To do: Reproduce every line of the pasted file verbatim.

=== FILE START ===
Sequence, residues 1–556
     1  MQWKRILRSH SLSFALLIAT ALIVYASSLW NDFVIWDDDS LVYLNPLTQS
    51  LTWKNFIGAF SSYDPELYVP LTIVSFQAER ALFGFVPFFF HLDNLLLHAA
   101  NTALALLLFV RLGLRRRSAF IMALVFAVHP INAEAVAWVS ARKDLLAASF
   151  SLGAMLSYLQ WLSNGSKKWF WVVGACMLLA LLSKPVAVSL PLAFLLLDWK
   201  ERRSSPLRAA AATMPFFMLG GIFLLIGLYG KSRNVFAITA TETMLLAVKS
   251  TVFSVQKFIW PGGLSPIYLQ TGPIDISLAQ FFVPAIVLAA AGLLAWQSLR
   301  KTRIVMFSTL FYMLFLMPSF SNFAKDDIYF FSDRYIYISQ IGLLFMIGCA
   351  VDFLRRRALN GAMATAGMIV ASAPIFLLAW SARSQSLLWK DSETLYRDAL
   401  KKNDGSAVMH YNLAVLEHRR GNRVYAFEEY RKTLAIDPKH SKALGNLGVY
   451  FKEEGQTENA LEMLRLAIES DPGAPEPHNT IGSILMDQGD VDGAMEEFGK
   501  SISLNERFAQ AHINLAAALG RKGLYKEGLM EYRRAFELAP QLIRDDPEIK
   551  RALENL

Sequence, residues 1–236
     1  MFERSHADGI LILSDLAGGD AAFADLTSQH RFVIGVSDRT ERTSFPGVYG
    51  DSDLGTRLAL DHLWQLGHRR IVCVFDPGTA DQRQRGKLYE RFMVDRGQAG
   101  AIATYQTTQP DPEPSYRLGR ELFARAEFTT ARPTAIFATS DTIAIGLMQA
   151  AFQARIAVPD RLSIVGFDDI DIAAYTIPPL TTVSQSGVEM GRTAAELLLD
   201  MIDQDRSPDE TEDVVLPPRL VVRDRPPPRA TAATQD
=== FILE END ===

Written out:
Sequence, residues 1–556
     1  MQWKRILRSH SLSFALLIAT ALIVYASSLW NDFVIWDDDS LVYLNPLTQS
    51  LTWKNFIGAF SSYDPELYVP LTIVSFQAER ALFGFVPFFF HLDNLLLHAA
   101  NTALALLLFV RLGLRRRSAF IMALVFAVHP INAEAVAWVS ARKDLLAASF
   151  SLGAMLSYLQ WLSNGSKKWF WVVGACMLLA LLSKPVAVSL PLAFLLLDWK
   201  ERRSSPLRAA AATMPFFMLG GIFLLIGLYG KSRNVFAITA TETMLLAVKS
   251  TVFSVQKFIW PGGLSPIYLQ TGPIDISLAQ FFVPAIVLAA AGLLAWQSLR
   301  KTRIVMFSTL FYMLFLMPSF SNFAKDDIYF FSDRYIYISQ IGLLFMIGCA
   351  VDFLRRRALN GAMATAGMIV ASAPIFLLAW SARSQSLLWK DSETLYRDAL
   401  KKNDGSAVMH YNLAVLEHRR GNRVYAFEEY RKTLAIDPKH SKALGNLGVY
   451  FKEEGQTENA LEMLRLAIES DPGAPEPHNT IGSILMDQGD VDGAMEEFGK
   501  SISLNERFAQ AHINLAAALG RKGLYKEGLM EYRRAFELAP QLIRDDPEIK
   551  RALENL

Sequence, residues 1–236
     1  MFERSHADGI LILSDLAGGD AAFADLTSQH RFVIGVSDRT ERTSFPGVYG
    51  DSDLGTRLAL DHLWQLGHRR IVCVFDPGTA DQRQRGKLYE RFMVDRGQAG
   101  AIATYQTTQP DPEPSYRLGR ELFARAEFTT ARPTAIFATS DTIAIGLMQA
   151  AFQARIAVPD RLSIVGFDDI DIAAYTIPPL TTVSQSGVEM GRTAAELLLD
   201  MIDQDRSPDE TEDVVLPPRL VVRDRPPPRA TAATQD